Reflecting on these recent events I am struck by how fragile we are as a society and how we are all affected when society breaks down. Our media, and indeed our wider culture, places so much value on independence, but the reality is that none of us is truly independent; we are all interdependent. We are dependent on good and positive role models in our youth, who go on to form our core values. We are dependent on support from work colleagues, the love of friends and family, and of course on the assistance of our faith and community. All of these were blatantly absent from those involved in the violence last week. What they seemed to lack above all is positive values.
Replying to Archbishop Nichols’s letter on Iain Duncan Smith’s behalf, Lord Freud said that “the Government is implementing the biggest single welfare-to-work programme this country has ever seen”. Ministers need to be implementing another programme as well: the biggest national values programme the country has ever seen. This would seek to address the loss of core values among so many of our young people.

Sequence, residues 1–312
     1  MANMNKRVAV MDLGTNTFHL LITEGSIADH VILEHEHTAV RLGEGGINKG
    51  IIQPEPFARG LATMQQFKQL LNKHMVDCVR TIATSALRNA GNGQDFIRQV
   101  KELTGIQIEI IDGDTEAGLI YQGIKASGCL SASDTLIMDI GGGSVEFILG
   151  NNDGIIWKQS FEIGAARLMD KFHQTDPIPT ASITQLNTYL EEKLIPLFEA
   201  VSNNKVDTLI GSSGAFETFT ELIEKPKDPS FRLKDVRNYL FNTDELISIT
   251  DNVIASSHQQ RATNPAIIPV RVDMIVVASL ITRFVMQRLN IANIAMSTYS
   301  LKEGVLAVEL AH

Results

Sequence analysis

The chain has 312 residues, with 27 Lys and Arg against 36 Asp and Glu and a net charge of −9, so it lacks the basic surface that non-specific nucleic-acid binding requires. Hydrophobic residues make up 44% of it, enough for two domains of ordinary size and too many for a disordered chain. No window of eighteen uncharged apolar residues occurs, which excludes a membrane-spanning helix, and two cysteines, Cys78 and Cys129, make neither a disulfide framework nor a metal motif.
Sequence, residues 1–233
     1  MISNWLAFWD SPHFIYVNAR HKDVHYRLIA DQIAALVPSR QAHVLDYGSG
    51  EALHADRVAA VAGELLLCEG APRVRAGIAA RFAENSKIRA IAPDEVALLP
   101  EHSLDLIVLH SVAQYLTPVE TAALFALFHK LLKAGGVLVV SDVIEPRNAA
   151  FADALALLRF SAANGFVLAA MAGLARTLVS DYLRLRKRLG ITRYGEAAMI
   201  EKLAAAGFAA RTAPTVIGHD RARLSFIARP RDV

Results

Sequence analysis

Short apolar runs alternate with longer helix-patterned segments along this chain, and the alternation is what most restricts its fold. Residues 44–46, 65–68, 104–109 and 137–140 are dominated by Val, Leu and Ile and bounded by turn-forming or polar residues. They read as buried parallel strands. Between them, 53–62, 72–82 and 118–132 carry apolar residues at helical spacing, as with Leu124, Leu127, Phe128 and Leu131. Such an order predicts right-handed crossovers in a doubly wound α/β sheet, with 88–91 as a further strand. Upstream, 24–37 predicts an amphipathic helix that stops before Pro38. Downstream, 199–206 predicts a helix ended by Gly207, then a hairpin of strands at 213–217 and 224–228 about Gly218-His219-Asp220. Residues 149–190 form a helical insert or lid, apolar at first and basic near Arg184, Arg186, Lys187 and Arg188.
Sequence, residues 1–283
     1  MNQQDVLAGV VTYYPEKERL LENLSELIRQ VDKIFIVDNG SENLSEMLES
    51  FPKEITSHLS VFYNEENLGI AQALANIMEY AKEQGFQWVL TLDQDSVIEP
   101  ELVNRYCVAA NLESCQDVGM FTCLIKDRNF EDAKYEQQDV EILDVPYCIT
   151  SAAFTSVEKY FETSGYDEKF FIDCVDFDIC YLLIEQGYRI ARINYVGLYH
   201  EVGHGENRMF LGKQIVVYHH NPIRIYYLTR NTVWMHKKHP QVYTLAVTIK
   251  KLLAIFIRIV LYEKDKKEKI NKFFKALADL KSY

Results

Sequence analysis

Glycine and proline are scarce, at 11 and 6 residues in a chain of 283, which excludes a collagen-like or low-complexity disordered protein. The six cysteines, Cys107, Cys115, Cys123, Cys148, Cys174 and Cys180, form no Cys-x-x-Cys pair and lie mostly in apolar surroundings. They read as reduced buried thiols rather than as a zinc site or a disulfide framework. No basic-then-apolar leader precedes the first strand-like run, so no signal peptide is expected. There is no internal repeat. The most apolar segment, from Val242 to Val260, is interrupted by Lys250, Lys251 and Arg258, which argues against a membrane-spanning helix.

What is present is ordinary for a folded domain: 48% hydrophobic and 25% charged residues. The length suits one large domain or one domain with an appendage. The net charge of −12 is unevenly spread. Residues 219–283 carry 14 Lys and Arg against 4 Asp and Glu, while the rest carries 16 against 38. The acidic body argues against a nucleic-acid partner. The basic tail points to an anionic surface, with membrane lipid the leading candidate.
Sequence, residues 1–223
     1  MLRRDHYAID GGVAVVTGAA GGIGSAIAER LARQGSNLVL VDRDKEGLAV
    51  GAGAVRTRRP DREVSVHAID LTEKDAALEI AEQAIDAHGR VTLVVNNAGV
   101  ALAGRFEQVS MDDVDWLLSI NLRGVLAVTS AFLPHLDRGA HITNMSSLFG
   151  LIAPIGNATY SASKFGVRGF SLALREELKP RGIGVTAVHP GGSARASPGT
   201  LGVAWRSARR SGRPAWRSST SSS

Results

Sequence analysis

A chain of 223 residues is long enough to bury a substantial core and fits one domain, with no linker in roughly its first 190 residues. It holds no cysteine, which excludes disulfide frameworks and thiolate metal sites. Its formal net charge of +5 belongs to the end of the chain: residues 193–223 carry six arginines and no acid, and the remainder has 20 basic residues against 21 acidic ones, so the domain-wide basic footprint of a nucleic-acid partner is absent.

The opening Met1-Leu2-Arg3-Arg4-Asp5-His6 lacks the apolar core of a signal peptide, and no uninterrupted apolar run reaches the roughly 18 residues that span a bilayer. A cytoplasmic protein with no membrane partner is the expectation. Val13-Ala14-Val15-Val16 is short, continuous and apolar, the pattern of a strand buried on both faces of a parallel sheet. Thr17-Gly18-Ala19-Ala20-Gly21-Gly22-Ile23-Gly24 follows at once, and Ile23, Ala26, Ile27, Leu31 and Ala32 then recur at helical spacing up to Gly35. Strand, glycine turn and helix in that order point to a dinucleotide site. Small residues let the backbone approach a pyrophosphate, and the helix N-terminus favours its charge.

On Channel 4 News last week the Labour MP Frank Field said that many parents were crying out for help to become more effective parents. But Field believes that such help is viewed as “fluffy” by Government. On the same programme, members of a fire crew in Eltham, southeast London, explained how they had established a boxing club for young people in their area to combat gang issues. Their message was: “Come and join this positive gang rather than the negative ones you are surrounded by.” Of course, such a values programme would require money. It is also not an immediate vote-winner in that the results take time to deliver. A government farsighted enough to introduce such an initiative would be long gone from office and unable to reap the political benefit by the time it is seen to make a difference. Initiatives have of course been launched in the past (mainly by the previous Government, it has to be said), with much money spent. This has had a positive effect, particularly in the area of early intervention. But Government needs to go much further, with a fundamental shift in focus back to core values.